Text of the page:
Paez E.,Institute Ingenieria | Tremola C.,Institute Ingenieria | Azpiirua M.A.,Institute Ingenieria
Progress In Electromagnetics Research B | Year: 2011

Throughout the performance of a RF immunity test according IEC 61000-4-3 there are several factors that should be taken into account to ensure the quality and to estimate the uncertainty associated to the results. One phenomenon that should be considered to calculate uncertainty is the disturbing effect produced by the EUT over the electric field generated within the calibrated uniform field area; nevertheless the mentioned effect is not easily quantifiable because the measuring process using additional antennas or field probes inside the semianechoic chamber could also alter the electric field distribution. An experimental method for quantifying the mentioned uncertainty contribution is presented. The method is based upon the fact that antenna-EUT coupling and reflection effects could be measured through changes in the input impedance of the field generation antenna. A validation procedure for the proposed method is also described. Hence, a relationship between the reflection coefficient at the antenna input port and the electric field strength is derived. The uncertainty contribution is calculated through the maximum relative change in the E-field intensity magnitude for the frequency range of 80-1000 MHz, considering the worst case for several EUT positions.


Azpurua M.,Institute Ingenieria | Tremola C.,Institute Ingenieria | Paez E.,Institute Ingenieria
Progress In Electromagnetics Research B | Year: 2011

The rigorous uncertainty estimation in Electromagnetic Compatibility (EMC) testing is a complex task that has been addressed through a simpli-ed approach that typically assumes that all the contributions are uncorrelated and symmetric, and combine them in a linear or linearized model using the error propagation law. These assumptions may affect the reliability of test results, and therefore, it is advisable to use alternative methods, such as Monte Carlo Method (MCM), for the calculation and validation of measurement uncertainty. This paper presents the results of the estimation of uncertainty for some of the most common EMC tests, such as: the measurement of radiated and conducted emissions according to CISPR 22 and radiated (IEC 61000-4-3) and conducted (IEC 61000-4-6) immunity, using both the conventional techniques of the Guide to the Expression of Uncertainty in Measurement (GUM) and the Monte Carlo Method. The results show no significant differences between the uncertainty estimated using the aforementioned methods, and it was observed that the GUM uncertainty framework slightly overestimates the overall uncertainty for the cases evaluated here. Although the GUM Uncertainty Framework proves to be adequate for the particular EMC tests that were considered, generally the Monte Carlo Method has features that avoid the assumptions and the limitations of the GUM Uncertainty Framework.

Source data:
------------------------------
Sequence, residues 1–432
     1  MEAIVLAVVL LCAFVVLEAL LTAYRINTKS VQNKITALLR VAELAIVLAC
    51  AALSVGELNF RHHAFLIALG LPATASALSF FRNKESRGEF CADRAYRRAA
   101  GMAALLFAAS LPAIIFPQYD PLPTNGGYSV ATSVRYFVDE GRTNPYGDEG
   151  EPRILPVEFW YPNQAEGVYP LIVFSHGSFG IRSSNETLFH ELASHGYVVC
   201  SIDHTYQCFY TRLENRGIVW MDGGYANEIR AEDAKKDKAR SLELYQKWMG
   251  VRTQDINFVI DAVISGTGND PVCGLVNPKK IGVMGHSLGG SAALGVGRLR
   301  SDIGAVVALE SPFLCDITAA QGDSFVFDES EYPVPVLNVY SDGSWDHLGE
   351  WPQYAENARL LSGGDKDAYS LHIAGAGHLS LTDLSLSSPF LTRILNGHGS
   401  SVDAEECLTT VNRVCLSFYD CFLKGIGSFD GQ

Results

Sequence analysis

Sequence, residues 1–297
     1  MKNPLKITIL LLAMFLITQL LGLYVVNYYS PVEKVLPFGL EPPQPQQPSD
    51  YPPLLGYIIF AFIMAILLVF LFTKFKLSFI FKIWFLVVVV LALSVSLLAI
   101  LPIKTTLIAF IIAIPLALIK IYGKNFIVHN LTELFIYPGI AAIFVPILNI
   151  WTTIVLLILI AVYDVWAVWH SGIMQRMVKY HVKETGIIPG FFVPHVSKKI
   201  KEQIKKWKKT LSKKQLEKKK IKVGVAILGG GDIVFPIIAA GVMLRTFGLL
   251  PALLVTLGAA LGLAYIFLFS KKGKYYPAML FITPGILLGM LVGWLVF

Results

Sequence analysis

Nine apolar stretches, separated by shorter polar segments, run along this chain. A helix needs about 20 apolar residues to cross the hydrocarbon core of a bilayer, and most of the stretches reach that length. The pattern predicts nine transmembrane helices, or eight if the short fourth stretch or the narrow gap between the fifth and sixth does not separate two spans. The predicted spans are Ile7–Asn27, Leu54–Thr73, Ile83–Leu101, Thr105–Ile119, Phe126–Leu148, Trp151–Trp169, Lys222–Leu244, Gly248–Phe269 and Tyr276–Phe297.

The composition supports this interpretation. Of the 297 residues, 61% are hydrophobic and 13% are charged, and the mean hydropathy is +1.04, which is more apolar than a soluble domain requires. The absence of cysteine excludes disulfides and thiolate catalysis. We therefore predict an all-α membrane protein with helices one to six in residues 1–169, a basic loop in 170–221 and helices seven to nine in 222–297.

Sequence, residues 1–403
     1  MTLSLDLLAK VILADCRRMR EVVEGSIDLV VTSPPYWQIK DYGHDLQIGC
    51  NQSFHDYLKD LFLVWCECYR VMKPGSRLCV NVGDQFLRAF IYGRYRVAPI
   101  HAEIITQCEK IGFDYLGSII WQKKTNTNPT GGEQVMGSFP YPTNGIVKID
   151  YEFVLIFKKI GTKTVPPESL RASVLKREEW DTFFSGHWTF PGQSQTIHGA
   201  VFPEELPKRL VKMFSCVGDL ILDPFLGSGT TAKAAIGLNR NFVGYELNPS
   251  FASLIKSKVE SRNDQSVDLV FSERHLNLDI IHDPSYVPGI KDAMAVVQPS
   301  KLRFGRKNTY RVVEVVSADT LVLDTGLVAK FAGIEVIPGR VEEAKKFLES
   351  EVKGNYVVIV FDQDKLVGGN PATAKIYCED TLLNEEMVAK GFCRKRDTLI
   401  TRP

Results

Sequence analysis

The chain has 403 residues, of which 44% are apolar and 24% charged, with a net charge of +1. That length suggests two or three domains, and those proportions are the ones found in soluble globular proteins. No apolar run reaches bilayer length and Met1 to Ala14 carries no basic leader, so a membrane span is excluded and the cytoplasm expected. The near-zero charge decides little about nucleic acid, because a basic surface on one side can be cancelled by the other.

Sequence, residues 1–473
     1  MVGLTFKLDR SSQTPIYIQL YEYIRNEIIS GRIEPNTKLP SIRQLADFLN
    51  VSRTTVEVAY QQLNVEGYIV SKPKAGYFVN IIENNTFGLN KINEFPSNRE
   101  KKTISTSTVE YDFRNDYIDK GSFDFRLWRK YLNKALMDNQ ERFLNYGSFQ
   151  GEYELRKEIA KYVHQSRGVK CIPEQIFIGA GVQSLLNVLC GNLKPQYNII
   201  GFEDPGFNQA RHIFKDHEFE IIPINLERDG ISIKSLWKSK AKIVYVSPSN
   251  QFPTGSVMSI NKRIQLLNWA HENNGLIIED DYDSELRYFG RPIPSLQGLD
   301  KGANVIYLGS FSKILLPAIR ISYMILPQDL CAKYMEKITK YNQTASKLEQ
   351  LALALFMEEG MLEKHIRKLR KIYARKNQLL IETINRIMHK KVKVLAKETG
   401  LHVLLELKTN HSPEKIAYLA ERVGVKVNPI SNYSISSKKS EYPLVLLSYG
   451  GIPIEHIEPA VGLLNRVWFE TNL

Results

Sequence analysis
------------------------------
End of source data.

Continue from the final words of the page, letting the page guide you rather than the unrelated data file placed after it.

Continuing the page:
Azpurua M.A.,Institute Ingenieria
Progress In Electromagnetics Research B | Year: 2012

This paper proposes a simple semi-analytical method for designing coil-systems for homogeneous magnetostatic field generation. The homogeneity of the magnetic field and the average magnitude of the magnetic flux density inside of the volume of interest are the objective functions chosen for the selection of the coil-system geometry (size and location), number of coils and the number of turns of each winding. The spatial distribution of the magnetostatic field is estimated superposing the magnetic induction numerically computed from the analytical expression of the magnetic field generated by each coil, obtained using the Biot-Savart's law and the current filament method. The homogeneous magnetic field is synthesized using an iterative algorithm based on TABU search with geometric constraints, which varies the design parameters of the windings to meet the requirements. The number of turns of each coil and gauge of wire used for the windings is adjusted automatically in order to achieve the target average magnitude of the magnetic induction under the constraints imposed by power consumption. This method was used to design a coil arrangement that can generate up to 10 mT within a volume 0.5 m×0.5 m×1 m with 99% of spatial homogeneity, with square loops of length less than or equal to 1.5 m, and with a power dissipated by Joule effect less than or equal to 1 W per coil. The synthesized magnetic field distribution was validated using Finite Element Method simulation, showing a good correspondence between the objective values and the simulated fields. This method is an alternative to design magnetic field exposure systems over large volumes such as those used in bioelectromagnetics applications.